Is Herringbone Tile Difficult to Install?

Herringbone tile brings undeniable visual appeal yet requires careful planning and precision to install. Some key considerations:

It’s meticulous – With its zigzag pattern, properly aligning herringbone tile takes time and attention to detail. Pre-cutting staggered tiles also adds steps.

Room for error – Unlike basic tiles, one misaligned herringbone row throws everything off. Carefully follow layout lines and measure twice.

Learning curve – For first-timers, herringbone forces you to learn techniques like making accurate diagonal tile cuts. Watch tutorials before attempting.

Professional tools – Renting specialty tools like a tile saw and notched trowel greatly helps achieve clean results.

Experience required – For flawless execution on large or intricate herringbone projects, professionals have the expertise.

While certainly more complex than installing basic subway tile, herringbone backsplashes are doable for motivated DIYers who do their homework. Gather patience and go slowly. The dazzling outcome is worth the effort.

Should I Hire a Professional?

As we’ve covered, installing herringbone tile backsplash yourself is challenging but attainable. So when does it make sense to hire a professional tile installer? Here are some key considerations:

  • For large, expansive herringbone projects. The room for error increases with more surface area.
  • If you’re uncomfortable accurately making the many angled tile cuts required.
  • For complex designs like herringbone borders, multiple patterns, or niche integration.
  • If your project requires behind-the-scenes work like plumbing or electrical.
  • To ensure a flawless finished product and avoid headaches. Pros have the skills.
  • If you simply don’t have the time for a meticulous DIY project.

Many homeowners hire professional tilers for peace of mind on herringbone projects. Confirm they have expertise specifically with diagonal tile layouts.

For small, straightforward herringbone installations, save money by tackling yourself. Get hands-on education and enjoy the sense of accomplishment.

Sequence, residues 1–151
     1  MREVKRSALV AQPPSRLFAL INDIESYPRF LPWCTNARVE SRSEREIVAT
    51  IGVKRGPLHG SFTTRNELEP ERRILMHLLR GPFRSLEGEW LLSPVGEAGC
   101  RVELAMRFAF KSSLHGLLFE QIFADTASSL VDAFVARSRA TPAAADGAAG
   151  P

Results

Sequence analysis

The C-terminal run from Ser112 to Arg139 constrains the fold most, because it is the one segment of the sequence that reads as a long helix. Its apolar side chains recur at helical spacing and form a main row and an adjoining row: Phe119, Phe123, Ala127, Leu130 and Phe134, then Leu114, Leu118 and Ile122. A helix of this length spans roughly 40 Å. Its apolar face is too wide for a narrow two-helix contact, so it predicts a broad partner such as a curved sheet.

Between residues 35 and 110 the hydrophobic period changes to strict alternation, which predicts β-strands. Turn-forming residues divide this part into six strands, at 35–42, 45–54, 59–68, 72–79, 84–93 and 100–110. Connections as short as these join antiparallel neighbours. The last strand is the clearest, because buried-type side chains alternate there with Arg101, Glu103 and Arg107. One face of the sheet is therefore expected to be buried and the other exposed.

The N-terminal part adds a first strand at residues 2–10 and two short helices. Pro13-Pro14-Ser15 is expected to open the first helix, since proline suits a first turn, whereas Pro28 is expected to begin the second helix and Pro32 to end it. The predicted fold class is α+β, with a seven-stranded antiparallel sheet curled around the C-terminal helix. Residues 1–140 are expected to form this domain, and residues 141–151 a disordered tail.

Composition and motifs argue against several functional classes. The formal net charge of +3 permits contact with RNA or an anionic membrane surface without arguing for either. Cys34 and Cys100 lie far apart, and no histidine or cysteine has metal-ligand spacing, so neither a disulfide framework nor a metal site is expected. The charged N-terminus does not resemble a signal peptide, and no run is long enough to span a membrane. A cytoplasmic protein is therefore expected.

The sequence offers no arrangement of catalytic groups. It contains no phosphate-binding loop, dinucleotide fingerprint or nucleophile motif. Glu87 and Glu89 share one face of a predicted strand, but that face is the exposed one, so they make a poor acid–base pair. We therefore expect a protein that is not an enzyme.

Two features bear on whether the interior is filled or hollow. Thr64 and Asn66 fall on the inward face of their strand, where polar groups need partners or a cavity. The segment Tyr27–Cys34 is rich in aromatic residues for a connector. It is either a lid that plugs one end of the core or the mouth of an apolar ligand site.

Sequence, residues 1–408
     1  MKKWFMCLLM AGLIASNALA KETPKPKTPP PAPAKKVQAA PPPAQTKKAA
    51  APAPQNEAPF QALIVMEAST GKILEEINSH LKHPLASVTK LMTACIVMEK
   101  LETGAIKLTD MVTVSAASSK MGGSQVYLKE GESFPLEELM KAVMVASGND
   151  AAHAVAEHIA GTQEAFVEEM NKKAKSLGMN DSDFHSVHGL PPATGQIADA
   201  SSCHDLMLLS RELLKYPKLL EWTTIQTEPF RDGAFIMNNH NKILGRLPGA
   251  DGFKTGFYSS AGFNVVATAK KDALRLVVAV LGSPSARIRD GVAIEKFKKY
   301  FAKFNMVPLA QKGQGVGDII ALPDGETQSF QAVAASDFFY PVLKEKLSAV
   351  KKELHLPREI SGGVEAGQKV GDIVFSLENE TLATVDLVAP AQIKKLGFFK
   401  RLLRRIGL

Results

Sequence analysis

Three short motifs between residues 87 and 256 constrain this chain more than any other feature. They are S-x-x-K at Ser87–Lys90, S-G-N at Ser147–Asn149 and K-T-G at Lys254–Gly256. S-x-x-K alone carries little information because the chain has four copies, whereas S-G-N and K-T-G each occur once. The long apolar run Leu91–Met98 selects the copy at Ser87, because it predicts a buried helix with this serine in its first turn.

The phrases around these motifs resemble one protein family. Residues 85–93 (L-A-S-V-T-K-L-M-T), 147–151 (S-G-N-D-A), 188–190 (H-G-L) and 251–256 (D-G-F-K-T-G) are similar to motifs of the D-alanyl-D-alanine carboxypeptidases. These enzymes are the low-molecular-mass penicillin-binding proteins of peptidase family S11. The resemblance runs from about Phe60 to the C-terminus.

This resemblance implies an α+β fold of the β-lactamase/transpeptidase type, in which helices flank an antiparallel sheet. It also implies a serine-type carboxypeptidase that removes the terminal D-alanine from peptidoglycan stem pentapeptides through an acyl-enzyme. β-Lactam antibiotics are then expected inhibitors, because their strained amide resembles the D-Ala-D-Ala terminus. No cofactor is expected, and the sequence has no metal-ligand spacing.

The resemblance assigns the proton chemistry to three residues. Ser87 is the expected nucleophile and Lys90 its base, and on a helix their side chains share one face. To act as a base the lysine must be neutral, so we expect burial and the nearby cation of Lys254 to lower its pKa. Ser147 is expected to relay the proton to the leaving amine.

Maintaining Your Herringbone Backsplash

Once your herringbone tile backsplash is professionally installed or your DIY project is complete, proper care keeps it looking like new.

  • Seal grout and tile surface with grout sealer regularly per product instructions. This protects from stains and moisture damage.
  • Clean any spills or splatters immediately to prevent staining of grout. Use damp soft cloth with mild detergent.
  • For routine cleaning, use gentle tile and grout cleaner. Avoid harsh chemicals or scrubbing.
  • Re-caulk perimeter as needed where tile meets countertop or walls. Check for gaps or cracks annually.
  • Inspect grout lines and tile for damage or excess wear. Re-grout or replace individual tiles as required.
  • Consider re-sealing entire surface every 2-3 years based on usage and wear.

With proper sealing and gentle regular cleaning, your herringbone backsplash bringstile style for years of enjoyment.

Frequently Asked Questions

What thinset mortar should I use?

For walls, white polymer-modified thinset mortar works well. It offerssuperior adhesion and some flexibility. Consult manufacturer’s guidelines.

Can I install herringbone over existing tile?

Yes, herringbone tile can be installed over existing backsplash tile if the surface is properly prepped and supportive backerboard is added.

What maintenance does herringbone tile require?

Seal and regularly clean grout lines. Avoid harsh chemicals. Re-seal entire surface every few years for protection and sheen.

Is herringbone only for backsplashes?

While commonly used in kitchens, herringbone works well on any wall surface. Consider for bathroom backsplashes, fireplace surrounds, shower floors.

What tile shape works best?

Rectangles or squares 3-6 inches are ideal. Consistent size and rectangular shape make cutting and aligning easiest. Avoid tiny mosaic pieces.


Installing a herringbone backsplash brings captivating visual style through skilled precision and planning. Carefully measure your space, purchase complementary tile, and map the personalized pattern. Prepare the installation area fully,methodically set the tiles row-by-row, and complete the details. While labor intensive, the stunning result provides joy and value. With proper care, your herringbone backsplash serves as a custom focal point for years to come.